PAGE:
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   xoxoxoBruce  Monday Jul 9 10:49 PM

July 10th, 2018: Woman’s Escaramuza

I've never heard of this but I've love to see it.

Last year, photographer Devin Doyle, who’d spent two years photographing high school rodeo culture in the United States, became curious as to what the Mexican equivalent might look like. After all, he says, “It’s the same land, the same ranching culture.” What he found was an exciting competitive equestrian sport performed by women dressed in stunning traditional costumes, a sport directly inspired by the Adelitas—the female soldiers who fought in the Mexican Revolution.

Escaramuza, an event within the larger rodeo-like sport known as charrería (now recognized as Mexico’s national sport) is comprised of teams of up to 16 women (though only eight can compete at a time) performing a series of routines inside a lienzo charro, or stadium, at breakneck galloping speeds—all while riding sidesaddle.
If you've even ridden sidesaddle, you know it’s a bitch.

Every movement is intricately choreographed, often down to the second. In the coladera, for example, the women split into two groups of four; one group circles the perimeter of the lienzo charro, while the second moves in a much smaller circle in the center. Suddenly, the outer group changes direction and gallops straight toward the group in the center at full speed, so that each of the eight women individually dissects the formation, all in the same instant. The horses never slow and, if the move is successful, they never touch. They kick up dust that catches the light; through it, you can catch glimpses of skirts billowing as they pass one another.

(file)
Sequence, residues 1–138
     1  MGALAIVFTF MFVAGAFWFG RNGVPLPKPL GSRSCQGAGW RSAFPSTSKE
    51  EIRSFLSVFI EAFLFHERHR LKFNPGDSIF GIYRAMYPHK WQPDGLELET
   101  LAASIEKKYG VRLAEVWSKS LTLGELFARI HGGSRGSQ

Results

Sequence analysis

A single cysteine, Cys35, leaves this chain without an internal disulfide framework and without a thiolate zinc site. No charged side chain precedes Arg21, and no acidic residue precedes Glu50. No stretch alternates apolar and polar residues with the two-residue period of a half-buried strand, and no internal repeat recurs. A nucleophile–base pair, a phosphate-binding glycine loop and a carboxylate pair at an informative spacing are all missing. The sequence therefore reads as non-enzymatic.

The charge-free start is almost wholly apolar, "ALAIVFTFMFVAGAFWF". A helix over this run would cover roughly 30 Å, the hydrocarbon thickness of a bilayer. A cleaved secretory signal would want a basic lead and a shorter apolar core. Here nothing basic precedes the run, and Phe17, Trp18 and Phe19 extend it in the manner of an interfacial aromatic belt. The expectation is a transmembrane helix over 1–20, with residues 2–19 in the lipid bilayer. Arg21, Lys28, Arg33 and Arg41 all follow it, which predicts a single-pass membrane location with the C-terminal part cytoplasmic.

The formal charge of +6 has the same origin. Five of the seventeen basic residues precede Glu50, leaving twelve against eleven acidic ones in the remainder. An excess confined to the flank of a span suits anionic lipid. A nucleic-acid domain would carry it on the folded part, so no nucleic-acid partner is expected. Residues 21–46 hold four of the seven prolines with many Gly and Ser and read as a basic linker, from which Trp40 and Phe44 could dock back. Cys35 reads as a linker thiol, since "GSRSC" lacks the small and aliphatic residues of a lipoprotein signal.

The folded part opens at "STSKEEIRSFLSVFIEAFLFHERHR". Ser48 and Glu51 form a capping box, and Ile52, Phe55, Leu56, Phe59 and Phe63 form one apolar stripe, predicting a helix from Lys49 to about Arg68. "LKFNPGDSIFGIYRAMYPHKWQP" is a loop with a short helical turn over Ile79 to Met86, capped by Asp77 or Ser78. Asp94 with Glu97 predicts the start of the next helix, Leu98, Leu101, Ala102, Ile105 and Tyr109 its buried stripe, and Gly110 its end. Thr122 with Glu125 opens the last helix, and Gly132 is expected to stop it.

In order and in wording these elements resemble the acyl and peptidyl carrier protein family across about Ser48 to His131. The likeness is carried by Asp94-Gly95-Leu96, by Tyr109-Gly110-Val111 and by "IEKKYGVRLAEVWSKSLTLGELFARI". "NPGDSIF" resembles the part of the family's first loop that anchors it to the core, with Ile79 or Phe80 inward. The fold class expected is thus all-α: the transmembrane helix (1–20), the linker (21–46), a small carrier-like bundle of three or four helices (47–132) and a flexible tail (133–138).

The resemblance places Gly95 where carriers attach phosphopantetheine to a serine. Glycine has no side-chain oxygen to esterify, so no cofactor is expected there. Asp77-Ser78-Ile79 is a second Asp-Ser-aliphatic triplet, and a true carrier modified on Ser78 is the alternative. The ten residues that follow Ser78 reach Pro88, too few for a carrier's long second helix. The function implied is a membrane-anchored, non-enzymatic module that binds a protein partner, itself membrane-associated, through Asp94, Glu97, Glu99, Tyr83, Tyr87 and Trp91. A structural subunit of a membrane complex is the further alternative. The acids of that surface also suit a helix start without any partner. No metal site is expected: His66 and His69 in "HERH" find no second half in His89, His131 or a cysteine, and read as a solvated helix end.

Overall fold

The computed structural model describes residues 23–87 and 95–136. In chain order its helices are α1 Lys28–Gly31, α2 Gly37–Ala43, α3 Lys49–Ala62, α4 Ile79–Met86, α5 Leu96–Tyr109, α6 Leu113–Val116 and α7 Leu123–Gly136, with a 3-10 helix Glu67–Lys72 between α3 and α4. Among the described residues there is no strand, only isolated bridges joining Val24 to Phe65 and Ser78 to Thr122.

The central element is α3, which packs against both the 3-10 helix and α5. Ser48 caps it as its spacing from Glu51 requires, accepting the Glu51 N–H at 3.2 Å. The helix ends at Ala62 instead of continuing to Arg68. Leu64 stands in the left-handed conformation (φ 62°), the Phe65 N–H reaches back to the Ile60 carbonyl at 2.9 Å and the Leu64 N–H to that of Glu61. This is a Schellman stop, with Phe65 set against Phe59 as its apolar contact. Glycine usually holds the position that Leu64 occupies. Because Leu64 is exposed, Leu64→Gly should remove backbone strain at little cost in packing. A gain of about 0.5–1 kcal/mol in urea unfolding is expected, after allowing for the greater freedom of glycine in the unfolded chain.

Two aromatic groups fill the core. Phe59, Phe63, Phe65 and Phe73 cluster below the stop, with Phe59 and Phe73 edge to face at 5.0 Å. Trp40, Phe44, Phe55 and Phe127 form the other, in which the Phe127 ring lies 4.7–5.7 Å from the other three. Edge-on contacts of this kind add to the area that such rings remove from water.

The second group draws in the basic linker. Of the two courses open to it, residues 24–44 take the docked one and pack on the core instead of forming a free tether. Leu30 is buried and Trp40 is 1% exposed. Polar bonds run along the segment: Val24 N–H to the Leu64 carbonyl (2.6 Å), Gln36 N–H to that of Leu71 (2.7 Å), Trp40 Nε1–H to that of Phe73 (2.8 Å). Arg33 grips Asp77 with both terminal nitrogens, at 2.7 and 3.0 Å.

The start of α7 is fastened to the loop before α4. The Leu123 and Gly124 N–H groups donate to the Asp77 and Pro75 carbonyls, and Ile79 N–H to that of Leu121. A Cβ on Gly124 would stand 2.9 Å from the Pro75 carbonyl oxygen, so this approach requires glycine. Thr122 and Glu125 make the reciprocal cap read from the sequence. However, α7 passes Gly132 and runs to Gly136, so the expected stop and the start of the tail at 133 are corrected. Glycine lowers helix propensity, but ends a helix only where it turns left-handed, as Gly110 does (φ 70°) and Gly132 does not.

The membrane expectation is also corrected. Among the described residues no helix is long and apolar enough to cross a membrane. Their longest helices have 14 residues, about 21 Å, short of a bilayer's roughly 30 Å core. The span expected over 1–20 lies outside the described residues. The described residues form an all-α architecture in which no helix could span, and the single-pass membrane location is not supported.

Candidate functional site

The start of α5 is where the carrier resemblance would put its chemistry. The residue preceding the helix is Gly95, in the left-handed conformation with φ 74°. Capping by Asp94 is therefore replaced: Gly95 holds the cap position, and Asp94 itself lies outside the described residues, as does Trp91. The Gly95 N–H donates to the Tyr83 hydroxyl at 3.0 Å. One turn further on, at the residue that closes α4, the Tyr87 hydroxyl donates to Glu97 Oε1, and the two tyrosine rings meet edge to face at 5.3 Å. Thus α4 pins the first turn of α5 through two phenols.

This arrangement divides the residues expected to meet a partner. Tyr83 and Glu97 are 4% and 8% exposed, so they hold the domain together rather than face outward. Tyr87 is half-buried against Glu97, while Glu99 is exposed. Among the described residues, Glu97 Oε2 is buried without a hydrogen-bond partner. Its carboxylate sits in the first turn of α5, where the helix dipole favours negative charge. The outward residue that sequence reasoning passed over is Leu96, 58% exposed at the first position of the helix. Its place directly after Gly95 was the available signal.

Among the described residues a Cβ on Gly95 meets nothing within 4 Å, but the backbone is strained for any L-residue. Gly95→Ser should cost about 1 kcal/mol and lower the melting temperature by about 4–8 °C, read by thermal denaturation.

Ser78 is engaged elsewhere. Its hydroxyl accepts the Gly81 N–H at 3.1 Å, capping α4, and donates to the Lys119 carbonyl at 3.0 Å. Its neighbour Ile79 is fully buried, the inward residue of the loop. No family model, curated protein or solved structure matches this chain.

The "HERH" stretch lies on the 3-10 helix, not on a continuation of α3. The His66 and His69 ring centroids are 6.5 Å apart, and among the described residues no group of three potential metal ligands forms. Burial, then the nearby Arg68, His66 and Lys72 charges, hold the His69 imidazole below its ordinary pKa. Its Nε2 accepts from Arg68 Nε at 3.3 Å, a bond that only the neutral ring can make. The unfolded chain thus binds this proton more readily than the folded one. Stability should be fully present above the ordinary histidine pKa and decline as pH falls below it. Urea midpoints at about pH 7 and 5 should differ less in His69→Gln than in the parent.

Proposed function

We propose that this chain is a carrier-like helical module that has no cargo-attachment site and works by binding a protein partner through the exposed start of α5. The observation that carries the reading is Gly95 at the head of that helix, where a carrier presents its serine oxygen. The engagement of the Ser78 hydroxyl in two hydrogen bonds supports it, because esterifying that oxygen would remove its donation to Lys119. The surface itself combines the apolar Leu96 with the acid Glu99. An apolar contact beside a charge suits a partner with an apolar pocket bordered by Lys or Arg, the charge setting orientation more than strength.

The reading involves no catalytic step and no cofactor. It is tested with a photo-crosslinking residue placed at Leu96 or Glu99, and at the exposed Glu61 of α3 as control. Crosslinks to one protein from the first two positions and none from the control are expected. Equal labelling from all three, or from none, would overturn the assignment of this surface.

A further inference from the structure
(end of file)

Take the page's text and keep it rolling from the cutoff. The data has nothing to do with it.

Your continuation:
During the escaramuza season, which typically runs from February to November, riders practice twice a week for two to three hours. The U.S. nationals take place over Labor Day weekend, and the grand finale, a competition in Mexico that brings together the top 80 or so teams from both sides of the border, happens in late October or early November.

While scores are based strictly on performance, costumes remain an important part of the sport. “My favorite is the traje de charra,” Quiroga says, referring to a two-piece suit usually made in suede, one of many styles that teams can choose to wear for competition. “The woman looks so formal and unique.” Because escaramuza costumes are based on historical uniforms worn during the revolution, there are strict guidelines for all costumes. Adelita dresses must be cotton or cotton-based, and always in traditional colors. Embroidered details must be sewn by hand, and accessories, like the pins the women wear near their necks, must be sterling silver and pinned in one particular place.

Sombreros worn with both charra and Adelita costumes are also highly embellished, and secured by leather straps that sit on the chin just so. Dressing for a competition can take more than two hours. The last step before heading out to compete? A spritz of perfume. Escaramuza may be inspired by women warriors, but it’s performed by women nonetheless. As a sport, it is equal parts fierce and sophisticated.

sexobon  Tuesday Jul 10 01:07 AM

The Mexican Revolution (1910-1920) even saw a standard production silver peso, the size of a US silver dollar, that depicted an allegorical Lady Liberty on horseback (from 1910-1914) riding sidesaddle. It's commonly referred to as the Caballito Peso (Horse Peso). It's on my top ten list of most attractive coins in the world.

Attachment 64303

Griff  Tuesday Jul 10 07:02 AM

Nice cultural find. Cool coinage as well.

xoxoxoBruce  Tuesday Jul 10 11:04 AM

Here they are in action... embiggen.

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